I just began learning the beginner kanji (I’m on level 1, beginner yay) and I noticed that one pronunciation for ‘big’ is ひと and one pronunciation for ‘person’ is ひろ. Does that mean that one of Hirohito’s meanings is Emperor BigPerson? Would it be appropriate or just strange to Japanese to think of the name that way, and if strange, strange in a good way or a bad way? What classifies as strange in Japanese culture do you think?
Japanese has a lot of kanji, most with several different pronunciations, but is somewhat limited in what sounds are possible (14/15 consonants and 5 vowels, although there are other features such as pitch and combinations). Because of this lots and lots of kanji would look exactly the same when written in hiragana. The kanji in Emperor Hirohito’s name are 裕仁. 裕 means ‘rich’ and 仁 means ‘benevolence’. I’m not sure, but I doubt the average Japanese person would think ‘Emperor BigPerson’, because there’s a million other meanings those two sounds separately could have. Besides, the kanji for ‘big’ and ‘person’ together, 大人, is the word for ‘adult’ and is pronounced おとな.
I was also interested in this, but the ひと is just coincidence as @deitabytes said. After looking around a bit I found that all Japanese emperor’s true names must end in ~仁 (~ひと), and did so since the Muromachi period (1333–1573 CE).
Interpreting ひろ as big is a bit far-fetched as well (or even 大 in names), especially as “physically big”.
[Looks like that there were not so many options before that … http://www.geocities.jp/somanoho/rekidai.htm]
Haha I bet Trump would like to be called “Emperor Bigly”
Are you sure you don’t have those backwards? “ひと” is person and “ひろ(い)” is not so much big but wide.
Most Japanese people wouldn’t know his name as Hirohito anyway. They only know him as 昭和天皇 (しょうわ てんのう). They don’t know the name of the current Emperor (Akihito - they only know him as てんのう) nor the name of his son who will succeed him (Naruhito - こうたいし). You could make money betting that a Japanese person doesn’t know their actual names.
We’d get the joke you’re trying to make though.
Okay let’s not exaggerate here. Japanese people can read Wikipedia and use Google just like the rest of us.
Thanks for this very informative explanation!
If you live in Japan, stop any random Japanese person and ask them the name of the Emperor. Not a single Japanese person in my office could do it. And no one I’ve come across has been able to. Sure with research they could find it but I’m talking about just asking on the spot as a matter of common knowledge.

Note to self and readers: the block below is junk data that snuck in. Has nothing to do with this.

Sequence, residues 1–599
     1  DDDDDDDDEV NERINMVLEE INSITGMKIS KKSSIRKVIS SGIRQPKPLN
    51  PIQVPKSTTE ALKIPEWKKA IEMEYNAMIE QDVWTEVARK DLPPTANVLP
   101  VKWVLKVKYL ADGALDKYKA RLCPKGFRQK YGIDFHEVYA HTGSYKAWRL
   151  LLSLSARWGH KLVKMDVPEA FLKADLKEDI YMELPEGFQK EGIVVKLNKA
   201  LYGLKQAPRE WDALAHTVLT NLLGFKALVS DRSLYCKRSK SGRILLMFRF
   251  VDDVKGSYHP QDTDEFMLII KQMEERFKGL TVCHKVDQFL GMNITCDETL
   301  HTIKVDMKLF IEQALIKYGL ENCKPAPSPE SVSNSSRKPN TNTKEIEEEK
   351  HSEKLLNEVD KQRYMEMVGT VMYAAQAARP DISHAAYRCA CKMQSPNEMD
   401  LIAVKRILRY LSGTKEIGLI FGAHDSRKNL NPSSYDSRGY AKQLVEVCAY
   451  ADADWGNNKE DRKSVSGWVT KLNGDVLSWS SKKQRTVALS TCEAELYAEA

Thanks for this … that link was a bit beyond me at the moment … I will save it and come back
I wish when I was writing my master thesis they counted “reading Wikipedia” as “research”.
Well, I guess the translation as PersonBig would look a bit odd, which is why I switched them, but I do see your point. By the way thank you for explaining that ひろ(い) is actually more like wide, that cleared up some confusion!
Who knows, it may already be printed on his bathtowels
The columns are:
- Generation number
- Era name (Chinese style)
- Japanese style posthumous name (in the Kojiki book)
- Japanese style posthumous name (in the Nihon-shoki book)
- Imina (“real name”)
- Imina reading
- Year of enthronement
- Additional info
You are just interested in line 5 and 6 (with lots of 仁 in it ). 不明 means unknown before you wonder that everyone has the same name
I see what you mean by the recurrence of ひと now in the chart, which is something which I would probably not have found out any other way really. Thanks for that and also the comprehensive explanation. I will keep this …
There seems to be some hesitation to use the “real” name because it was originally a posthumous name, and you shouldn’t call your superiors by that name in general (the so-called “real name evasion” ).
So at least you never hear the name in the news or hear someone use it, but if you are interested you could find it out of course.
Anecdotal evidence is anecdotal
Sometimes a name is just a name.
If you look at the kanji in the name of one of my friends, you might think 久保田 means “long time preserved rice paddy” but I don’t think they think about it like that. To them, it’s just their family name I think.
No, names always have some kind of etymology, even in English. Names like Smith, Cooper, Carter, Miller and so forth are obvious. Names like Stonehouse or Hamilton less so, but still fairly apparent. Then you get Robertson and Johnson and Wilson and so forth.
Etymology =/= meaning
The etymology as in the aforementioned ‘Smith’ is actually a meaning. It just depends on how far back the word came from and whether people actually use those words any longer, whether it retains the meaning in the present time